I consider the opportunity to admire the garden one of my life’s simple joys.

With more free time on my hands these days, I’ve become captivated with the drama unfolding in the backyard. On its surface, ‘drama’ may seem a bit overstated, but there’s no denying the range of emotions I experience while engaging in its spectacle.

Garden2The blooms that annually entertain my senses are once again putting forth a magnificent performance. From red to violet, colors that cross the spectrum seem to jockey for position as spring lays a path for the summer season.

Quiet moments on my patio were among the opportunities I craved most during my return from Colorado last month. I had always considered the backyard of my Irondequoit home a sanctuary—my place to observe nature and admire the beautiful landscape. I knew of no better place to reflect on the recent circumstances that ultimately led me home.

There is genuine anticipation on my part for each new flower to reveal and a strong sense of excitement as they reach their peak. Likewise, I confess disappointment that the blossoms must inevitably give way—a sensation that borders on mourning.

I recognize that the performance underway in my garden is simply the dance we know as life. I simply can’t imagine anything more dramatic.

New year and no fear January 6, 2013

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I have never worried about the number 13. Nine years successfully producing newscasts for Rochester’s top-rated ABC affiliate, 13WHAM-TV, detached me from any tendency toward that superstition.NUMBER-13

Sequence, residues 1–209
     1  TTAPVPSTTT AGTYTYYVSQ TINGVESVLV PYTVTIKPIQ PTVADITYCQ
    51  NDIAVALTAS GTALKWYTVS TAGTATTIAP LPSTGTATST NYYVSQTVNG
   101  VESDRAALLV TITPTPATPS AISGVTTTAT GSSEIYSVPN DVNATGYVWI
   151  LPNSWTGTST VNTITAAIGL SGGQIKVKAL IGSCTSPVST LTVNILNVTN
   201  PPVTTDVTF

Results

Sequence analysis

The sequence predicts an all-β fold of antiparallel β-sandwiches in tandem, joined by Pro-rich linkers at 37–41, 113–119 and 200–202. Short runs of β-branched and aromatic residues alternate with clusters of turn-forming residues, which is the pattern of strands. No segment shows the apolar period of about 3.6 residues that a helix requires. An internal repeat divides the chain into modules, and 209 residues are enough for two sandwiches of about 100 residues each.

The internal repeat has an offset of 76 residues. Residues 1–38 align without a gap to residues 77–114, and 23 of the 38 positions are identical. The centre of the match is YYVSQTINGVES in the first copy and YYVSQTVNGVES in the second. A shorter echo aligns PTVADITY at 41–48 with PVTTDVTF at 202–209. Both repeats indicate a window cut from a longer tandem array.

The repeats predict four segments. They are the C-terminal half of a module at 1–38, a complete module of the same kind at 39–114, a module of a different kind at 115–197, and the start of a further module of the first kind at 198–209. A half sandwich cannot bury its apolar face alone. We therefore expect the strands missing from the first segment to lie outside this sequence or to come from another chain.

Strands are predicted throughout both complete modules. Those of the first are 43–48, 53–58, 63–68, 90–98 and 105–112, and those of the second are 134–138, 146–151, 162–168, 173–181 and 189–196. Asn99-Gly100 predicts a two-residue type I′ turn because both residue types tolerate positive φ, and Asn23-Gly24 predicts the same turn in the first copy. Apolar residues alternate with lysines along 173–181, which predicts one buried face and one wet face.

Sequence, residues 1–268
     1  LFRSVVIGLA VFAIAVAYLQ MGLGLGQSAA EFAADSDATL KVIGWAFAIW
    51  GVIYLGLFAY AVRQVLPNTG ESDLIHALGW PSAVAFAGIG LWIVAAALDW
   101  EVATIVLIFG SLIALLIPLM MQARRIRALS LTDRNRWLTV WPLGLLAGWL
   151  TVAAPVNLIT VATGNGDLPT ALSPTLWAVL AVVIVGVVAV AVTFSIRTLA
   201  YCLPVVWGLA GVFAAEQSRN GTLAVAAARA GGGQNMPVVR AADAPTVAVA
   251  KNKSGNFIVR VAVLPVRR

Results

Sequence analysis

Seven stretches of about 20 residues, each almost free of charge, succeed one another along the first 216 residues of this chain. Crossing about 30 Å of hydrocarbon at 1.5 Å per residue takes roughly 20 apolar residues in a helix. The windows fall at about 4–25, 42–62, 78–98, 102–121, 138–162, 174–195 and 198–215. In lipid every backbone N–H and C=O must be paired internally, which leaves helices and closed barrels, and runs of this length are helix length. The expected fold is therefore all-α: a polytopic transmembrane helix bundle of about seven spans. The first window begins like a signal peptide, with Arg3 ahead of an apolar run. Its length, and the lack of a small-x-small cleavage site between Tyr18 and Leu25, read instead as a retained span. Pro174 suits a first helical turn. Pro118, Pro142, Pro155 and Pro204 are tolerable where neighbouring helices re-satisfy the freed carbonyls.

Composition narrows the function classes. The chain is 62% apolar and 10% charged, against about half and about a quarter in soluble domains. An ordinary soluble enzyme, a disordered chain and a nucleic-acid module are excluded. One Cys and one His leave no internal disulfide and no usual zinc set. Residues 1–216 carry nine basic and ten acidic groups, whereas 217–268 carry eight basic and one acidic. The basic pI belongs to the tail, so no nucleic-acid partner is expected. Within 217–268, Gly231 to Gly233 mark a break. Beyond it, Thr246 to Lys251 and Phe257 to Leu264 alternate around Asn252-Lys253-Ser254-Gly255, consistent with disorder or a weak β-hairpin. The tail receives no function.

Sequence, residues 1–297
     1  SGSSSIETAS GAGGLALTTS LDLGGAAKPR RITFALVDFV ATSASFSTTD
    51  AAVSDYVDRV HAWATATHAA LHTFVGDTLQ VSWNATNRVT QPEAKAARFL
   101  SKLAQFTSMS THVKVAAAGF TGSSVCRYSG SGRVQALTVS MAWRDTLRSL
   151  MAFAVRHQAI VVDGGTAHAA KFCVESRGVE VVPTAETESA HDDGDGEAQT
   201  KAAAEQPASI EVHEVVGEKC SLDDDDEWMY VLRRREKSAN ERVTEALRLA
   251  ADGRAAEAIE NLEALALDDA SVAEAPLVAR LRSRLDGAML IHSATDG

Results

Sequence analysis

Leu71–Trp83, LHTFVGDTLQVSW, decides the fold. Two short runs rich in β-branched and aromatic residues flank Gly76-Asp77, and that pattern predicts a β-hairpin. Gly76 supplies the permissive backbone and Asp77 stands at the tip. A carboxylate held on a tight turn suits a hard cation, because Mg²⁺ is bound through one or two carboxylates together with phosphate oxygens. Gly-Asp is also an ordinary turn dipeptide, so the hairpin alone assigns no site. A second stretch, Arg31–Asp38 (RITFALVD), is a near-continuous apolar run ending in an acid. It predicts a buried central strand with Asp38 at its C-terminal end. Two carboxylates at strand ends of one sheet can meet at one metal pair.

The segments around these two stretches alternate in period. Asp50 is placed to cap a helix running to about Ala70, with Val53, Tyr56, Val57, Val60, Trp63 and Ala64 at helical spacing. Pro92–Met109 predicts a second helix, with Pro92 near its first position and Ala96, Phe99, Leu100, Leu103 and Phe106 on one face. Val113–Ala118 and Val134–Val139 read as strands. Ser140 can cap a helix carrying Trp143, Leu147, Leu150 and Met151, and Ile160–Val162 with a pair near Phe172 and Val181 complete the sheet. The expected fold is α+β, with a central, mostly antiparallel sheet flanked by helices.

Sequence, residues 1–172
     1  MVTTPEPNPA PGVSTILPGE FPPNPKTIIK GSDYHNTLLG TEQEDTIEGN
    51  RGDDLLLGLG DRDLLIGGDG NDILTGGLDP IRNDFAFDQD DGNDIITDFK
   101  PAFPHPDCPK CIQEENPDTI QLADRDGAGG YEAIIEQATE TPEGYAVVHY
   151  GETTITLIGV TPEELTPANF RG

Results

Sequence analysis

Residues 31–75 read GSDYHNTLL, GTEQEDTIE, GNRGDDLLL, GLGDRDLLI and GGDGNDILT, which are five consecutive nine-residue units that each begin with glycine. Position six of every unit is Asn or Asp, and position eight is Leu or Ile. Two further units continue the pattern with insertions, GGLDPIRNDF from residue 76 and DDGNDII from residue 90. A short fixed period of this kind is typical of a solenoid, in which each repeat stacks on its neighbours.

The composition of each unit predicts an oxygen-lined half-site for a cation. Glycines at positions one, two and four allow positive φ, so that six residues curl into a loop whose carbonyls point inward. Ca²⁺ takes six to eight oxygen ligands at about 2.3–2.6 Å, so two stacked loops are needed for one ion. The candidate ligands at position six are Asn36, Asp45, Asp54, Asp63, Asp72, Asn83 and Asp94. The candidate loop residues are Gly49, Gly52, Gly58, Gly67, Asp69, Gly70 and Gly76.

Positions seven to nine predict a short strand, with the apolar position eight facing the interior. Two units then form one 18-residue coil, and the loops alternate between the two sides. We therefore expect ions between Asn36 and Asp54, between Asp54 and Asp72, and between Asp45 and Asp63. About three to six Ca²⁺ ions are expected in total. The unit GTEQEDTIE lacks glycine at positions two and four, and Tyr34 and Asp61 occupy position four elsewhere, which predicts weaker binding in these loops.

So I fear not. In fact, I again find myself embracing 13—as in 2013. Compared with the past few years, I’m counting on this one serving up smooth sailing.

Let me say that 2012 was memorable for some very positive reasons. Early in the year I spent two weeks touring the amazing country of New Zealand. What a spectacle! My time down under blessed me with remarkable experiences, and I found great enjoyment in recounting my journey to family and friends through a series of blog posts here on Stellavision.

It’s also the year I accepted the opportunity for a major life transformation. In September I moved west after accepting a job at the University of Colorado Boulder.  There are few places enticing enough for me to consider relocation, but I eventually found myself becoming infatuated with the idea of moving to Colorado.